David Cameron, the prime minister of Conservatives, prior to the lections of 2008 had appeared in Glassgow and gave a vision of broken Britain’ for the first time. In his speech, he admitted the effects caused by destruction of industries and its disastrous outcomes on jobs and aspirations of people. What is actually meant was formulation of wrong policies which curbed the interests and wellbeing of middle- class Britons. People who were around and below poverty line and people facing social exclusion were his chief concerns. He placed their problem on similar grounds of importance with other national problems like obesity, consumption of drugs and alcohol. He insisted that problems in society arise as direct “consequence of the choices people make”. This view of broken Britain is shared by most British citizens. Glassgow’s residents had suffered though the phrases said by Cameron (Jones, 2011, p. 73).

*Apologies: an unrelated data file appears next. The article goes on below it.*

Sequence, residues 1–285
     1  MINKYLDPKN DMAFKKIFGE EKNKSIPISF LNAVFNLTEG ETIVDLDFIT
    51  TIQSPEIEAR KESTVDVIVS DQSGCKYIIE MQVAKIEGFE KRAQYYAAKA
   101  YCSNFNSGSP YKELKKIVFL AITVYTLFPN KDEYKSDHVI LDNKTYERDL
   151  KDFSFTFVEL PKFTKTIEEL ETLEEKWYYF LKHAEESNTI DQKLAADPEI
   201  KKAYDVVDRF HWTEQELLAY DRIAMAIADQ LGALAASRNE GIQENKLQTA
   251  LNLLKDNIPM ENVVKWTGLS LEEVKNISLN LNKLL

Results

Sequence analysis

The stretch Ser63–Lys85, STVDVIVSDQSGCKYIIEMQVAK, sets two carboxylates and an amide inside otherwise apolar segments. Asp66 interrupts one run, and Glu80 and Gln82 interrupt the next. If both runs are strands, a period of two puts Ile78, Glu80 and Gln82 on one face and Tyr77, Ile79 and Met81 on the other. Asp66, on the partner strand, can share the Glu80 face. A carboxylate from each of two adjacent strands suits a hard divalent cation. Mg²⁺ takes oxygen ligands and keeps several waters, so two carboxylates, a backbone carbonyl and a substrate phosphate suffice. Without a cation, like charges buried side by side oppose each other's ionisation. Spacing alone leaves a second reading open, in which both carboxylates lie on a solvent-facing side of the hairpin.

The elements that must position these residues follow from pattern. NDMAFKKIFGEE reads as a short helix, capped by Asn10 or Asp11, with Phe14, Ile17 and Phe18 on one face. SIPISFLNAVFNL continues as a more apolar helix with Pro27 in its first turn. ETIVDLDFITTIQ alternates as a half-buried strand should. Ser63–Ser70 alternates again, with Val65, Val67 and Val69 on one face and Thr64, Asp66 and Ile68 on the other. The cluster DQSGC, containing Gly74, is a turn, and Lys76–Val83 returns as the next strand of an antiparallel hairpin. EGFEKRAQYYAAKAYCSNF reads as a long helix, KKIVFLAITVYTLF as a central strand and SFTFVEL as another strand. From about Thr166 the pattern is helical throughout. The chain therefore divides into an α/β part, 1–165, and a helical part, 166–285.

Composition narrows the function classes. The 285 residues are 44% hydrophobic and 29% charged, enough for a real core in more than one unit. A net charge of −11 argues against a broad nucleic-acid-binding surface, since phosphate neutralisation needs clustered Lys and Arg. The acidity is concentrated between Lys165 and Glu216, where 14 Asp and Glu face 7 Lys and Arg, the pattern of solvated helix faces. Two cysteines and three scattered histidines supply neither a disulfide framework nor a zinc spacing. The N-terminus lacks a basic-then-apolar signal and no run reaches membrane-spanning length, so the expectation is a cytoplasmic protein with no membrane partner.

Politics, more precisely liberalism had played a major role in breaking it further. While endorsing his “semi- apocalyptic” vision of Britain being broken into pieces, the working middle class and lower middle class sections were first held responsible and then shown as victims. This duality in policy led to division of opinions among millions of Britons all across the state. Added to it, since then whenever there occurred any tragic incident or mishap happened, political leaders tried their level best to exemplify them and support their own respective views. All these did nothing but infuriated the common people. Several surveys and studies have reflected the growing contempt. The working class or middle class average Britons were targeted by both the parties belong to right and left (Jones, 2011, p. 73). ...Show more